Robert A Logan <> is retired from the U.S. National Library of Medicine. He is past president of ISSSS and hosted the 23rd annual meeting in Bethesda, MD (2007) at which Donald Lindberg (1933-2019) was the banquet speaker. Lindberg was director of the United States National Library of Medicine (, founding president of the American Medical Informatics Association, and played a prominent role in the development of PubMed. He was in the University of Missouri Medical School from 1960 to 1984 and was a close friend of William Stephenson, as discussed in the above chapter.

Q Bibliography: D’Agostini et al. on Hong Kong shippers’ selection criteria of ocean carriers

D’Agostini, Enrico, Sohyun Jo, Hyung-Sik Nam, & Young Soo Kim (2022, January). Q-method and its application in clustering Hong Kong shippers’ selection criteria of ocean carriers. Research in Transportation Business & Management, art. 100785. (ePub in advance of print) (Link:

Abstract: Despite recent geopolitical tensions across nations, the liner shipping industry still plays a pivotal role in supporting international trade by ensuring low-cost transportation services. However, given the increased intensity of mergers and acquisitions, the formation of new shipping alliances and general perception of the commoditisation of ocean carriers pose numerous risks in how shipping line operations interact with shippers’ needs. Previous research has identified several factors regarding ocean carrier selection criteria from the shippers’ perspective, mainly focusing on regional markets. Nonetheless, knowledge of how shippers address these factors is limited. In this study, through a mix of qualitative and quantitative analyses, Q-methodology is applied to investigate shippers’ choice behaviour regarding ocean carriers in Hong Kong. The results of our analysis show the emergence of three unique clusters of shippers with different needs when considering the ocean carrier selection process. The three clusters are ‘reliability and flexibility of service achiever’, ‘long-term shipper-carrier relationship builder’, and ‘customer service and cost-saving seeker’. These findings may assist in enabling shipping lines to enhance their competitiveness by analysing and selecting the most suitable strategy for serving customers and identifying operational and marketing areas that need to be restructured or strengthened.

Enrico D’agostini <> and Young Soo Kim <> are in the Department of International Logistics, Tongmyong University; Sohyun Jo <> is in the Division of Navigation Convergence Studies, and Hyung-Sik Nam <> is in the Department of Logistics, Korea Maritime and Ocean University, Busan, Republic of Korea.

Q Bibliography: Zagata, Uhnak, & Hrabák on societal roles and transformative potential of organic agriculture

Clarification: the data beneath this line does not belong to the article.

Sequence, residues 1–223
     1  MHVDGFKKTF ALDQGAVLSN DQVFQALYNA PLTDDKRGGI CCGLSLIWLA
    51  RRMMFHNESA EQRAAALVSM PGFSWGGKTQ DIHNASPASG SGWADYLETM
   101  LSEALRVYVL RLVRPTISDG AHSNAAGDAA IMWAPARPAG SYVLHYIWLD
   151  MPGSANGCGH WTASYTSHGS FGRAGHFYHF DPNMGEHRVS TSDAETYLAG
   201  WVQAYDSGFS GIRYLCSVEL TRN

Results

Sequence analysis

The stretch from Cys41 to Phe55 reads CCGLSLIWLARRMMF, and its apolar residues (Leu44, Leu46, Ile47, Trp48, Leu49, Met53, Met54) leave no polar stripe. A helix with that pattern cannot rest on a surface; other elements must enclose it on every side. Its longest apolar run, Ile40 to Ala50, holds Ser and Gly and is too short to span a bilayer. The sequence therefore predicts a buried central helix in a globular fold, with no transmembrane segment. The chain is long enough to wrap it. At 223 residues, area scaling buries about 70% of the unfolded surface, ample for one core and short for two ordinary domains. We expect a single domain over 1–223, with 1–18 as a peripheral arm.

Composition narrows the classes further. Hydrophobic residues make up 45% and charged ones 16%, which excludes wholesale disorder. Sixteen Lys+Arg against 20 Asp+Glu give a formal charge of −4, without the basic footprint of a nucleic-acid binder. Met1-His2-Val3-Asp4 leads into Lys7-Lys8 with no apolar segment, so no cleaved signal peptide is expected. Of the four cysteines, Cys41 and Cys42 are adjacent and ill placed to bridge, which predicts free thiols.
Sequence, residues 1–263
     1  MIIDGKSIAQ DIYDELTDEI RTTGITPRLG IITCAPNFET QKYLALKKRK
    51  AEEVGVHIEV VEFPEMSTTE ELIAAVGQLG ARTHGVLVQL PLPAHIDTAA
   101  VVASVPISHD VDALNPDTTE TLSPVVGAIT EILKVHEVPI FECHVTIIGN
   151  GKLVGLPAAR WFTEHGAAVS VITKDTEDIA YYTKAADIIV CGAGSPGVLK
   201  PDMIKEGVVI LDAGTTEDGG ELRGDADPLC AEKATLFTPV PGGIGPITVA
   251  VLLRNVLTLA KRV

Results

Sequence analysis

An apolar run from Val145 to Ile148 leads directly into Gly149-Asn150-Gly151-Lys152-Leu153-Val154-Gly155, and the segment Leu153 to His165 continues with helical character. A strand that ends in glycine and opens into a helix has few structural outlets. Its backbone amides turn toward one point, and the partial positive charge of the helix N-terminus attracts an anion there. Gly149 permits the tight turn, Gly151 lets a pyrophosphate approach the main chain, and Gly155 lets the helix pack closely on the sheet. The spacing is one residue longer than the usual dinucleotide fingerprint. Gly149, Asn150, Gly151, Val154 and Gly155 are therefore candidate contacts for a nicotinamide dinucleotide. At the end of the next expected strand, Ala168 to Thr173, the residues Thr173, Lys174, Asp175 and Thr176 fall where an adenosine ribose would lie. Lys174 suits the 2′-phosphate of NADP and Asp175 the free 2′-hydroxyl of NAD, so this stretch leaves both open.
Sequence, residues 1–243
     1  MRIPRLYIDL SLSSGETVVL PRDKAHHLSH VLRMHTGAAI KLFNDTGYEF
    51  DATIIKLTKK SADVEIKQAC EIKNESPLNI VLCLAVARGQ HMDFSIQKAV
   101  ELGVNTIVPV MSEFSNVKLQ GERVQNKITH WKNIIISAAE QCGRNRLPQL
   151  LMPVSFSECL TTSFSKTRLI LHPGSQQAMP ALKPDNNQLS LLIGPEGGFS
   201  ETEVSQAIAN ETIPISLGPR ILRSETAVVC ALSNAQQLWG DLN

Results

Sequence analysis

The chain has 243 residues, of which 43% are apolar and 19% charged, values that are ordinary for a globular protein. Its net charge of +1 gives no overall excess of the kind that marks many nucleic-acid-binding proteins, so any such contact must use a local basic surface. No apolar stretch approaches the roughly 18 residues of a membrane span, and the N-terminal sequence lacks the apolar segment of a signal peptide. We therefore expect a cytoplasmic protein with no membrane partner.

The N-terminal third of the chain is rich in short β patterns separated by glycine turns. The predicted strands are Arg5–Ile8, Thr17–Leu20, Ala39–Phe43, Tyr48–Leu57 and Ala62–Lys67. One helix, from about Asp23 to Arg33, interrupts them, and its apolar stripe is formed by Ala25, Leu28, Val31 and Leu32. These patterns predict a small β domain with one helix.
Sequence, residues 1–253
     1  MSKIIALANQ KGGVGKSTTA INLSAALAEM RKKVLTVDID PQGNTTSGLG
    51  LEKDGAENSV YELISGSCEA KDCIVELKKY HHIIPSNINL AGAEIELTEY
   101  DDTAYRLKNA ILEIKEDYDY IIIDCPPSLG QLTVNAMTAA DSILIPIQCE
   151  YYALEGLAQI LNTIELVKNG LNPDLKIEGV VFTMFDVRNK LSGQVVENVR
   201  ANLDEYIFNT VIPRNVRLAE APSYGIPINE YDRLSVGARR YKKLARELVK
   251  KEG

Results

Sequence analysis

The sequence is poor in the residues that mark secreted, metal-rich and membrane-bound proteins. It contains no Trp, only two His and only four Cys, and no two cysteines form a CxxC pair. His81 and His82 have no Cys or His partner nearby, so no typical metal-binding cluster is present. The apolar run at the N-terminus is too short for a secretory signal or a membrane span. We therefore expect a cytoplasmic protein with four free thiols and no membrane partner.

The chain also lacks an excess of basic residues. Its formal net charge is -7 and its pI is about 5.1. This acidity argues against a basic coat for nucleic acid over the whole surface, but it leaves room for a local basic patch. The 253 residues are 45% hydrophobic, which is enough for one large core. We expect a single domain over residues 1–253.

Zagata, Lukas, Tomas Uhnak, & Jiří Hrabák (2021, December). Moderately radical? Stakeholders’ perspectives on societal roles and transformative potential of organic agriculture. Ecological Economics, 190(10), art. 107208. (Link:

Abstract: Organic agriculture has achieved many important milestones over the last three decades. Despite these achievements, criticism of the mainstream model of agriculture, which had originally contributed to the success of the organic sector, is potentially having a negative impact on its transformative potential. The main goal of this paper is to provide further empirical evidence that captures ongoing changes in the social discourse of the organic movement. Specific attention is paid to the formation of a relationship between the organic movement and other alternative initiatives and conventional agriculture, based on the potentially shared values of sustainability as articulated in the Organic 3.0 strategy. The empirical study was conducted in the Czech Republic. The study identifies three distinct discourses that show how different groups of stakeholders form their expectations towards organic farming. The findings of our study suggest that their views differ significantly when it comes to the functions of organic farming in society. Results of the study show that the dominant social discourse on organic farming principally conveys the Organic 3.0 strategy.

Lukas Zagata <>, Tomas Uhnak <>, and Jiří Hrabák <> are in the Faculty of Economics and Management, Czech University of Life Sciences, Prague, Czech Republic.

Q Bibliography: Di Giuseppe et al. on children’s defense mechanisms

Di Giuseppe, Mariagrazia, Tracy A. Prout, Lauren Ammar, Thomas Kui, & Ciro Conversano (2021). Assessing children’s defense mechanisms with the Defense Mechanisms Rating Scales Q-sort for Children. Research in Psychotherapy: Psychopathology, Process and Outcome, 24(3), 320-327. (Open Access:

Abstract: Defense mechanisms are unconscious and automatic psychological processes that serve to protect the individual from painful emotions and thoughts. There is ample evidence from the adult psychotherapy and mental health literature suggesting the salience of defenses in the maintenance and amelioration of psychological distress. Although several tools for the assessment of children’s defenses exist, most rely on projective and self-report tools, and none are based on the empirically derived hierarchy of defenses. This paper outlines the development of the defense mechanisms rating scale Q-sort for children (DMRS-Q-C), a 60-item, observer-rated tool for coding the use of defenses in child psychotherapy sessions. Modifications to the Defense Mechanisms Rating Scale Q-Sort for adults to create a developmentally relevant measure and the process by which expert child psychotherapists collaborated to develop the DMRS-Q-C are discussed. A clinical vignette describing the child’s defensive functioning as assessed by the innovative DMRS-Q-C method is also reported. Finally, we provide an overview of forthcoming research evaluating the validity of the DMRS-Q-C.

Mariagrazia Di Giuseppe <> is in the Department of Surgical, Medical and Molecular Pathology, Critical and Care Medicine, University of Pisa, Pisa, Italy.